The consumer can allow the lender to look into checking & savings accounts as well as money market accounts and the Ultra FICO Score will be based on factors including:
- Whether or not accounts have been overdrawn
- Whether checks have bounced
- Evidence of saving money
- Cash management practices
- Timely payment of bills including utilities & rent not usually reported to credit agencies
The new score boosts the numbers for people who pay bills on time and keep money in their bank accounts. Good money management means borrowers may be able to overcome a bad history with credit cards. That sparked the idea behind the new score.
What is Behind Ultra FICO
Lenders acted cautiously after the U.S. economy tanked in 2008 when it came to setting up new credit accounts. Slow paying accounts and defaults plague the industry. On the other hand credit companies make bundles on lending their money and collecting up to 24.99 per cent from credit users.
Credit card companies and other lenders wanted another way to approve credit worthy borrowers whose traditional credit ratings weren’t pristine. So if the standard FICO score weeds out too many people, there was pressure to come up with an additional screening formula. The new score offers an optional look into additional information. The additional data is fed into the system for a credit rating recalculation.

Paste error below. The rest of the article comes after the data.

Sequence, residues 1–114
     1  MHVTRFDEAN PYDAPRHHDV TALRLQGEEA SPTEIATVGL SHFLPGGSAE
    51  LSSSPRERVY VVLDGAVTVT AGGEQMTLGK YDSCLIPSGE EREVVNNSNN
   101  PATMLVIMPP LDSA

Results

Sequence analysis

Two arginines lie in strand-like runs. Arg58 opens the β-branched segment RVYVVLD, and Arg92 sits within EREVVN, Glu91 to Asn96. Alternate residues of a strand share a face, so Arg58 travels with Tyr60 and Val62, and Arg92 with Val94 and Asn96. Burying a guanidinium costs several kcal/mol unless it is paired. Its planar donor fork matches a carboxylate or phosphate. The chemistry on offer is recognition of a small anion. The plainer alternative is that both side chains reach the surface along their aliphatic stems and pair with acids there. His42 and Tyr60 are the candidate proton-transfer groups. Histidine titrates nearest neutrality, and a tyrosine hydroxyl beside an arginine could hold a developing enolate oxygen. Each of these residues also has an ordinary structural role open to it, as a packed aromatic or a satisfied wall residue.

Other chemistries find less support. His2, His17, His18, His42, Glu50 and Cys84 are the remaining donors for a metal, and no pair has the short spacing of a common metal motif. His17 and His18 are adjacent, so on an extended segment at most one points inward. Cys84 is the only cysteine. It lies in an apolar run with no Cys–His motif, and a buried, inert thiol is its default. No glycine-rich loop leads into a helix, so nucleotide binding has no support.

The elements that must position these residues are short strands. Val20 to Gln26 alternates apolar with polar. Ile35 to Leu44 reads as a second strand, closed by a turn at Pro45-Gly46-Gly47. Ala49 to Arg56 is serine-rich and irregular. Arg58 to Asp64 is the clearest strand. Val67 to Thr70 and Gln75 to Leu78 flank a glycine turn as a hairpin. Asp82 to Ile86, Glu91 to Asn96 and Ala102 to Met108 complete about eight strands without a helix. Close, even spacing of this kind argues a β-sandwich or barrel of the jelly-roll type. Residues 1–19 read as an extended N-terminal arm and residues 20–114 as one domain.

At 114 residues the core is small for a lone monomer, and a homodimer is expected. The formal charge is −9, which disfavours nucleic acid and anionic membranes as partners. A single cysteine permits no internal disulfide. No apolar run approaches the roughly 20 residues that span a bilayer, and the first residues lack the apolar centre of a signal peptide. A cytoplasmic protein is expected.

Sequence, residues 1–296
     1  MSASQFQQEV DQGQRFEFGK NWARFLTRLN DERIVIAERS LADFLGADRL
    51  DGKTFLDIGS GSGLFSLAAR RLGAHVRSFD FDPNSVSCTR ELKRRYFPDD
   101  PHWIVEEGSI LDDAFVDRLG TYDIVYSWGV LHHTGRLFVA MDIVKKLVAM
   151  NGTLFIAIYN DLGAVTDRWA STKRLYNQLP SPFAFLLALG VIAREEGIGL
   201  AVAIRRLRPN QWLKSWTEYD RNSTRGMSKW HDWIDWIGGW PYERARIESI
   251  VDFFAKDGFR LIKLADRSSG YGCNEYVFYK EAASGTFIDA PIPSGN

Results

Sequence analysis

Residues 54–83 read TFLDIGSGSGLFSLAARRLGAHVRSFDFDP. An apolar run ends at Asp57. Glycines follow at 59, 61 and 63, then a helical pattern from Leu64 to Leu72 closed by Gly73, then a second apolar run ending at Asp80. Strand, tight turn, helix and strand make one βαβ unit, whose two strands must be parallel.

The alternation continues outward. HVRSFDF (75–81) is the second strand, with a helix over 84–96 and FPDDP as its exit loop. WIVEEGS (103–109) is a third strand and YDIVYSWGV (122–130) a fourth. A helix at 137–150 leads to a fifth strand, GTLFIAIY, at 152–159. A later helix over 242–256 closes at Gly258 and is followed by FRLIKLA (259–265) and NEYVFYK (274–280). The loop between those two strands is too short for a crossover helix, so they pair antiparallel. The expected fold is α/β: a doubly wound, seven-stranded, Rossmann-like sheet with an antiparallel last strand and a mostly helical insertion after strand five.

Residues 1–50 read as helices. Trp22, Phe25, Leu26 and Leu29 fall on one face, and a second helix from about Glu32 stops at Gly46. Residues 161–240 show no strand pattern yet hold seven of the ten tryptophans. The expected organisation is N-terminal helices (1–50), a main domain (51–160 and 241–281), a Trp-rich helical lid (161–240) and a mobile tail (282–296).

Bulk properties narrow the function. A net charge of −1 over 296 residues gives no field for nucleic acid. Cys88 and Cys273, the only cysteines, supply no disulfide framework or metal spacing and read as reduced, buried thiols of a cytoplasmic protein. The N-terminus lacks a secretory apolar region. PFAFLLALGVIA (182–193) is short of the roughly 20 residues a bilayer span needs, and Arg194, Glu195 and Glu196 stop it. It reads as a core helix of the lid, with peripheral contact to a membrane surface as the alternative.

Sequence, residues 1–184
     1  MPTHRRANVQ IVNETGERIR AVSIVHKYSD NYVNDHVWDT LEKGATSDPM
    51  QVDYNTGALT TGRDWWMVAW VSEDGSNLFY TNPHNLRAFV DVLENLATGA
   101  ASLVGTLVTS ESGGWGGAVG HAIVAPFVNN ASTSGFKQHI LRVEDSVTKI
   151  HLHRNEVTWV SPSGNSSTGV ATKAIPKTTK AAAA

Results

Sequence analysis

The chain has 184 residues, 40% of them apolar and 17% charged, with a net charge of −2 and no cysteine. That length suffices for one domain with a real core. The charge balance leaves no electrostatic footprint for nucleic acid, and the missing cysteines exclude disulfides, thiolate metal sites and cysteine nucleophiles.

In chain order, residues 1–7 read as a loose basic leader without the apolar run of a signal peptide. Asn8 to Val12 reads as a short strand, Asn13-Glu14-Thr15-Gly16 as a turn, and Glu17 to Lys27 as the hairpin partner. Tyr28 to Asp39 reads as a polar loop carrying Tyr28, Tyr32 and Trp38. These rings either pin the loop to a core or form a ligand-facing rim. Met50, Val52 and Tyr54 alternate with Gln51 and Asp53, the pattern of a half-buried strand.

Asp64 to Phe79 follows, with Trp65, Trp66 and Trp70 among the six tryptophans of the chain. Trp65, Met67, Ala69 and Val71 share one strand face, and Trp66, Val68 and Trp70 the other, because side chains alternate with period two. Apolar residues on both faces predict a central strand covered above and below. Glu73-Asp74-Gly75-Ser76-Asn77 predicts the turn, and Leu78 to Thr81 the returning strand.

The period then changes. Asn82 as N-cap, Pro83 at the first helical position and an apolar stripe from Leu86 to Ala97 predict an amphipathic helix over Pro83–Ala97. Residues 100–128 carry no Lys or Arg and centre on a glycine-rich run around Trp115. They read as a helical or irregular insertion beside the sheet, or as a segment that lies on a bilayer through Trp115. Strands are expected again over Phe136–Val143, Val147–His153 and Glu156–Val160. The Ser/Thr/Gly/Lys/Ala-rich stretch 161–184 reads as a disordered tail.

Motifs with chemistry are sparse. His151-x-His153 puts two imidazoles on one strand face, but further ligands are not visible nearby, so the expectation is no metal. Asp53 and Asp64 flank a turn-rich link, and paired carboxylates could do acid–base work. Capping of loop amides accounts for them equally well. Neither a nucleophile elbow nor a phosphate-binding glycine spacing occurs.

“Would-be borrowers with at least several hundred dollars in their accounts, who have had the accounts for a while and who transact frequently and don’t overdraw are likely to see their scores rise, FICO said.”
The Wall Street Journal, October 21, 2018.
Backers hope to help would-be borrowers. At the same time they admit that some credit scores may decrease with the new information.
FICO Scores: What do the Numbers Mean?
Truth be told, FICO uses several scores. The most popular among lenders ranges from 300 to 850. The higher the number the better your credit:
Good 690 – 719
Average 630 – 689
Poor Under 630